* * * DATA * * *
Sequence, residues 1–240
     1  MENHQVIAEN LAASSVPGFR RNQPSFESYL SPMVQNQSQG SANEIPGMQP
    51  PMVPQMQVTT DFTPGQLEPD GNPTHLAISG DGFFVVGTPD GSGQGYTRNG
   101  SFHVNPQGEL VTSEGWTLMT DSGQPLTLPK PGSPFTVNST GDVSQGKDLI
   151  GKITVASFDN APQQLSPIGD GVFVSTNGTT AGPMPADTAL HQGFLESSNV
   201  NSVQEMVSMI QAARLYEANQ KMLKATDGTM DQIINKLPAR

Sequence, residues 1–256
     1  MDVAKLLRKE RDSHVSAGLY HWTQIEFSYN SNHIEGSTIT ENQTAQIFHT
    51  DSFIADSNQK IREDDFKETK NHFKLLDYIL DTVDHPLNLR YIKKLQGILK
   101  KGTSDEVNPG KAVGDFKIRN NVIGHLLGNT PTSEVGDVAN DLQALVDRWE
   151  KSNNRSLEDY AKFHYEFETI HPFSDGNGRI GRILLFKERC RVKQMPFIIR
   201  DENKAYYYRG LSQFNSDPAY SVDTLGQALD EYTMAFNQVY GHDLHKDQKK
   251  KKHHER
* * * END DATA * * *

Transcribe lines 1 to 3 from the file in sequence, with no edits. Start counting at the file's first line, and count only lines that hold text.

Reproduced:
Sequence, residues 1–240
     1  MENHQVIAEN LAASSVPGFR RNQPSFESYL SPMVQNQSQG SANEIPGMQP
    51  PMVPQMQVTT DFTPGQLEPD GNPTHLAISG DGFFVVGTPD GSGQGYTRNG